Salmon Scotland renews call for action on housing

housing-costs-table-Feb-2023-ejvt1ip

House prices in some remote parts of Scotland have surged at almost double the rate of the national average, and industry body Salmon Scotland has renewed its call for funds to be directed to rural areas to help fix the problem.

Registers of Scotland data shows that while house prices across Scotland rose by 89% in 2022 compared to the 2004 baseline, the increase was as high as 168% in some remote areas.

Salmon Scotland’s analysis found that price rises were above the national average in Argyll and Bute, the Highlands, Orkney, Shetland and the Western Isles. Spiralling housing costs are a problem for local residents and also for employers, including fish farmers and others in the seafood supply chain.

Salmon Scotland chief executive Tavish Scott will highlight the challenge in a keynote speech today (FRI) at the Rural Housing Scotland conference in Dunkeld.

He is arguing that that businesses are struggling to recruit and retain workers and has called for £10m of the money paid by salmon farmers in government rents to be ringfenced for direct investment in rural housing.

Scott said: “A lack of affordable housing is stopping the Highlands and islands from becoming a northern powerhouse.

“Salmon farming companies are using their own money to provide warm, comfortable, quality accommodation for people who fill essential roles. We also use rentals, B&Bs and hotels which contribute to the local economy all year round.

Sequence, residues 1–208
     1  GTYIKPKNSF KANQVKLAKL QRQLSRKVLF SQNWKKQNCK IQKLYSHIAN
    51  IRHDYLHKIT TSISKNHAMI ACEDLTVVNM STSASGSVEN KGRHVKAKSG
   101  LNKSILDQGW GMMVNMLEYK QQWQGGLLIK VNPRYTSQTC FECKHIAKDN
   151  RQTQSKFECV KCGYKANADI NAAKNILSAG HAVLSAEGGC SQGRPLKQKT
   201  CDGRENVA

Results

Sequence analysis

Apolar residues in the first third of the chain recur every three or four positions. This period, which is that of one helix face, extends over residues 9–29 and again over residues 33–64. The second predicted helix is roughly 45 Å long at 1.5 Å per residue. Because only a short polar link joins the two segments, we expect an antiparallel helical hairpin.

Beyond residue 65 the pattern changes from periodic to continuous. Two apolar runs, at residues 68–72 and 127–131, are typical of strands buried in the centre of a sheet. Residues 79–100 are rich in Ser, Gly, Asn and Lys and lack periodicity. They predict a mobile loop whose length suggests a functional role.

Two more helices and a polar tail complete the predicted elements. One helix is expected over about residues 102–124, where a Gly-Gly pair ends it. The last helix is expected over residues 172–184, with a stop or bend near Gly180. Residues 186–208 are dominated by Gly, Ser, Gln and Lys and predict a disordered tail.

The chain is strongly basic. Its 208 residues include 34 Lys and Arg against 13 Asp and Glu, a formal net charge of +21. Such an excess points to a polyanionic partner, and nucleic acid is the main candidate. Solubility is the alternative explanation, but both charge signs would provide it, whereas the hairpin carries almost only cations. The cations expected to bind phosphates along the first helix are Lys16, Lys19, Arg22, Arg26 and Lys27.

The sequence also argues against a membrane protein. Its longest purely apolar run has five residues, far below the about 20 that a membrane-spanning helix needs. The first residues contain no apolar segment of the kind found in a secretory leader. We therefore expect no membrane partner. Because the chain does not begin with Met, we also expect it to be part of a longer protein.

“But the salmon sector can’t solve this crisis alone – urgent action is needed to address the most pressing issue we face across the Highlands and islands.

“That’s why we suggest that £10m of the money that salmon farmers pay to the landlord Crown Estate Scotland could be invested in tackling the housing crisis.”

Source: analysis by Salmon Scotland (Feb 2023)

Challenging situation on Orkney

Cooke Aquaculture Scotland employee Norman Peace counts himself lucky to have found a home for his growing family on the Orkney island of Stronsay. When he moved there from Orkney’s Mainland to take up a promotion, Cooke provided a four-bedroom house.

Now almost three years later, Norman and girlfriend Nicole Ross take an active role in community life and are looking forward to the birth of their second child in June.

Peace, Site Manager at Cooke’s Mill Bay organic salmon farm, said: “There’s not really that many houses readily available either to buy or rent.

“Without the relocation support from Cooke I would have struggled to get a house. It was one of the better houses available at the time and Cooke helped with renovations as well.

“The lack of housing affects a lot of the islands.

“Young people leave to go to university or get a job elsewhere. With the younger ones moving, most of the islands in Orkney are ageing.

“There’s more availability on Orkney mainland but not much happening out in the islands.

“We could do with more council or social housing. People are looking for houses, but they are all full.”

Norman Peace, Site Manager, Mill Bay with Cooke Aquaculture

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